By BOB ETTINGER
For the Star Beacon
ASHTABULA TOWNSHIP —
Limit the opposing team’s scoring opportunities and you stand a good chance to win a basketball team.
Riverside held Edgewood to just three shots in the opening quarter and 31 total to drop the Warriors, 60-23, Wednesday night at Edgewood.
The Beavers (11-7, 5-5 in Premier Athletic Conference) held the Edgewood offense to an 0-3 first period and forced seven turnovers in taking a 16-1 lead through eight minutes.
“The goal coming in was to limit (Edgewood guard Gia) Saturday, especially because of her ability to make shots,” Riverside coach Brindi Kandel said. “We did a good job of limiting their opportunities and not giving them offensive rebounds.”
“With our board talks, every single game, the first thing I put up there is every possession counts on offense,” Edgewood coach Dave McCoy said. “Plain and simple, the first thing we do when they win the tip is make a steal or get a turnover and go down and turn it over ourselves.
“We just do not make good, smart decisions. We get so frustrated because we don’t make good decisions. I just told the girls this has to be a priority to (them). (They) have to be able to score.”
The Warriors’ lone point in the first eight minutes came on a Cortney Humphrey free throw.
Edgewood (3-14) did not have the same kind of success defensively. Riverside was 7 of 15 (46.7 percent) in the first and turned the ball over just three times.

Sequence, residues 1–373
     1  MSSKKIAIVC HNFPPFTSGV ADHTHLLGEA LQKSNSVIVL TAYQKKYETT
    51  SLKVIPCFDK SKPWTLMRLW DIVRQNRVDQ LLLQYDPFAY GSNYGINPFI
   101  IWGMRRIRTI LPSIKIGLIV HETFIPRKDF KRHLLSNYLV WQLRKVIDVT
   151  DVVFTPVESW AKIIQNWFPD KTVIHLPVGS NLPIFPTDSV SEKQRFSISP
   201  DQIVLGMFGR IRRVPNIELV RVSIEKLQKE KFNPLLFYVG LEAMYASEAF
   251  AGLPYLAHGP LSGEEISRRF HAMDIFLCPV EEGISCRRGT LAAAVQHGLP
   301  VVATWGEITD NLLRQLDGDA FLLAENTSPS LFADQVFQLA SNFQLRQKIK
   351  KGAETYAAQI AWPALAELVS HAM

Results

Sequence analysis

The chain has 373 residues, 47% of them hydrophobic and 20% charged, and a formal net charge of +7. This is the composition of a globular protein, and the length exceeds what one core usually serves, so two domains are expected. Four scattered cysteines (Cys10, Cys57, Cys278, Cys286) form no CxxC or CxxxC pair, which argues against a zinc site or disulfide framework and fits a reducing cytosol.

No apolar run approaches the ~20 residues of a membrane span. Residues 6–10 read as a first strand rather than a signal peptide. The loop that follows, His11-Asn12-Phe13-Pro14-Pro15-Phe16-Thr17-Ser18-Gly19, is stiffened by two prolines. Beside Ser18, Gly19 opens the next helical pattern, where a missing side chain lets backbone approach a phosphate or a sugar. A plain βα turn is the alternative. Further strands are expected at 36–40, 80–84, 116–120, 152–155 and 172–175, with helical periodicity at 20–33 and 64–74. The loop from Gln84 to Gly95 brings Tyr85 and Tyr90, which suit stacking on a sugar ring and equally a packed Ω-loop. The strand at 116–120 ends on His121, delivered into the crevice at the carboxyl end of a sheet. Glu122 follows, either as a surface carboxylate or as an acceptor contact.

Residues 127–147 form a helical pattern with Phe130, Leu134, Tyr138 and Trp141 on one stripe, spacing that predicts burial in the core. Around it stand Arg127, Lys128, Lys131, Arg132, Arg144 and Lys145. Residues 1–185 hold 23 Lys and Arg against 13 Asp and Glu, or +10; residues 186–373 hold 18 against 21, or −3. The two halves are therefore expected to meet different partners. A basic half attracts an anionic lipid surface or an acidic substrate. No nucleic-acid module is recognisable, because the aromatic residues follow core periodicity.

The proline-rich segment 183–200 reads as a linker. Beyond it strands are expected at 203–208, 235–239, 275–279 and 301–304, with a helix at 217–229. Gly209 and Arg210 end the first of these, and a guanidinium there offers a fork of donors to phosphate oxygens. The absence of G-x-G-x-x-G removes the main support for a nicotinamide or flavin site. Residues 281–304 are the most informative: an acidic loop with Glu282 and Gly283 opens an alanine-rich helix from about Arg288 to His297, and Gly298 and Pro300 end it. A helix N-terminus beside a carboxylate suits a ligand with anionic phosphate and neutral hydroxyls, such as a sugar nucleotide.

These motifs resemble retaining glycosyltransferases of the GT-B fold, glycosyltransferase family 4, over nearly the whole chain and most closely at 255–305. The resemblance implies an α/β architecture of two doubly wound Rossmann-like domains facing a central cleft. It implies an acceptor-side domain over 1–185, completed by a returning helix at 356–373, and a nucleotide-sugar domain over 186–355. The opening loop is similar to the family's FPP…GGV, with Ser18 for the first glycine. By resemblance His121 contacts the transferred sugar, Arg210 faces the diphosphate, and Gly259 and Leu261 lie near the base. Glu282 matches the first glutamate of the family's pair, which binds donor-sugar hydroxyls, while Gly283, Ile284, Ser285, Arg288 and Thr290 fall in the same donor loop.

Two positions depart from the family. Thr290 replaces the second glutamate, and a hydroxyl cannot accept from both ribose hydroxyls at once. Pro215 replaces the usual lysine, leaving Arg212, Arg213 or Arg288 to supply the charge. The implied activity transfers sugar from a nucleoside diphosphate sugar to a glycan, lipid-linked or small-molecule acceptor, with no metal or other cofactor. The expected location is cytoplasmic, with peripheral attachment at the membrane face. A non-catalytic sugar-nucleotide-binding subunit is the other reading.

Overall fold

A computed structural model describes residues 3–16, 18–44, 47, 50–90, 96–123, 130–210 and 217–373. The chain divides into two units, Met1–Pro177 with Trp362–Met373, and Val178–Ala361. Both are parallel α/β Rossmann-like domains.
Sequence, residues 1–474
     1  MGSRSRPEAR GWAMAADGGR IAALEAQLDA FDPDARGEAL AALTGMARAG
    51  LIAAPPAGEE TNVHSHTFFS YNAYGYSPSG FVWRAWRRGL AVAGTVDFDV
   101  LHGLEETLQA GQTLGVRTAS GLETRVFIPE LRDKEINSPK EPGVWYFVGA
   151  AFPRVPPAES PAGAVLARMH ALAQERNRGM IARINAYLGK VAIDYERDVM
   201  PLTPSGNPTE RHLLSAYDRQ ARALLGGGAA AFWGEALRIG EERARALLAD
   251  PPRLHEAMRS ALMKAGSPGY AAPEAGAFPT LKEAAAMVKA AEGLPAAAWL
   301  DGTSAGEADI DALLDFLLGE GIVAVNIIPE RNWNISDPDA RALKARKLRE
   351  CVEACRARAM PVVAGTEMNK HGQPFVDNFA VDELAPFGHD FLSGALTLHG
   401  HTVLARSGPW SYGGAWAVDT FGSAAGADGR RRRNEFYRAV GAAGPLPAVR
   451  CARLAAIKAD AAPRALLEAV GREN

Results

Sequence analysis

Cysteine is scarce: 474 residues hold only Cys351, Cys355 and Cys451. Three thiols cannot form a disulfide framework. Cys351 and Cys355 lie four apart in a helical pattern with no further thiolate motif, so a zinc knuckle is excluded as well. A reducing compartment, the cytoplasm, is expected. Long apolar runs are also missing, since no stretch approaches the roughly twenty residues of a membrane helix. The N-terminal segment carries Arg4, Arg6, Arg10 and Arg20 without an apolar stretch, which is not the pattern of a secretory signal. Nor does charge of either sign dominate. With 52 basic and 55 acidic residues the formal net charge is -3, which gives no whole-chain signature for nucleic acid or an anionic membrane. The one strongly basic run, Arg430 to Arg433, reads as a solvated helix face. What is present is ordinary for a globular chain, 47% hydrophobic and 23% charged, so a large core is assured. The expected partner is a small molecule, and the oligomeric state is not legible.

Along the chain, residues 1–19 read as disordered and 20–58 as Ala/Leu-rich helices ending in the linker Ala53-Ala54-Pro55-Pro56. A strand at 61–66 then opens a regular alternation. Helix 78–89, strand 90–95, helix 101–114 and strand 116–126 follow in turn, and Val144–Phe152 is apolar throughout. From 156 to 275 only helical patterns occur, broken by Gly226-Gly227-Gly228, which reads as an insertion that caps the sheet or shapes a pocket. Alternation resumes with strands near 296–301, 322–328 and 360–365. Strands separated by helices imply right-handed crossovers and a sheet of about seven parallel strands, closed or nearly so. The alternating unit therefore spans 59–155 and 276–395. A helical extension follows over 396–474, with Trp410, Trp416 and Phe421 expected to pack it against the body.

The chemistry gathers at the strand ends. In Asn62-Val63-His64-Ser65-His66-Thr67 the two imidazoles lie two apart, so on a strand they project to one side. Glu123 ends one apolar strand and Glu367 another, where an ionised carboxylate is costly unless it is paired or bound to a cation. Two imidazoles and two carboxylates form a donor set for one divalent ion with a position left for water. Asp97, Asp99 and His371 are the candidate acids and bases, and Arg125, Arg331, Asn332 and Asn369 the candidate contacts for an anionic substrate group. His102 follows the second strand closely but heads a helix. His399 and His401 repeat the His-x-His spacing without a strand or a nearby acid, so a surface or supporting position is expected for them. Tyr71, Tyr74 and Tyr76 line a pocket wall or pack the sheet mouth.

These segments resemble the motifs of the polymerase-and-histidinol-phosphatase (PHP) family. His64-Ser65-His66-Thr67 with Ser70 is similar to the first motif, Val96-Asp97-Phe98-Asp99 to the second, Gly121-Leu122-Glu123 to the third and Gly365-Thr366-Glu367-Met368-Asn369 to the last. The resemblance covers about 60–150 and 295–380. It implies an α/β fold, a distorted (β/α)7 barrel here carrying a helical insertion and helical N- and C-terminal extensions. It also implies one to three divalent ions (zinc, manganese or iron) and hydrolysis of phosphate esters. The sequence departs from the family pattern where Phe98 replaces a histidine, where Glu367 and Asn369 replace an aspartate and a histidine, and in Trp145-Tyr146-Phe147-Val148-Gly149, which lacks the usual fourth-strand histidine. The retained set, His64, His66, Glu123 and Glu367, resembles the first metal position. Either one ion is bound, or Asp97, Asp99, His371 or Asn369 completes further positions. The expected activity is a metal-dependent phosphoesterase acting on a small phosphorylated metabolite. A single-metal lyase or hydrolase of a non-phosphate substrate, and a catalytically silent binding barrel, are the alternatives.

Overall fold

“They mixed it up and played a pretty aggressive man-to-man defense,” McCoy said. “They were on our hips the whole time. We tried to establish more pick and rolls, a more simplistic two-man game. It was just not there.”
Ten seconds into the second period, April Lane connected on the Warriors’ first field goal. The Beavers, however, scored the next nine points to take a 25-3 lead with 3:40 to play in the half. They led, 30-9, at the break.
“Once we were up, it was a good opportunity to work on getting stops in using our man principles. Everyone did a good job limiting their field goal attempts and creating turnovers.”
Riverside forced 36 turnovers — 23 on steals — and held the Warriors to just 8 of 31 (25.8 percent) shooting in the contest.
“We average about 30 turnovers per game,” McCoy said. “If we cut that to 16 or 17, we would be in most games. Most of our turnovers result in points. I’d say we probably average giving up 20 points per game on turnovers.
“(Riverside) played a good man-to-man defense. They’re part of that contingency of PAC teams we’ve played that play good man defense.
“The bottom line is execution and we haven’t been able to execute.”
As much as McCoy wants the Warriors to limit their turnovers in an effort to limit their opponents’ scoring opportunities, Kandel wants the Beavers to create turnovers in order to have more chances to score.
“We’re getting ready for the tournament and our philosophy is defense first,” Kandel said. “We want to get offense out of that. We want to be able to do things on defense to create opportunities on offense.”
Alexis Parsons did a pretty good job of that in making seven steals and either taking them in for layups or getting to the free-throw line.
“We wanted to be in that area where we denied aggressively without giving up backdoor cuts. That starts with Lexi, or whoever the point guard is guarding, up front.
“The wings also did a nice job getting their hands in the passing lanes.”
Katie Klingman had 15 points and 11 rebounds to lead the Beavers. Parsons added 12 points and Abbey Militello had nine.
Taylor Diemer paced Edgewood with seven points and Humphrey added six.
Ettinger is a freelance writer from Ashtabula.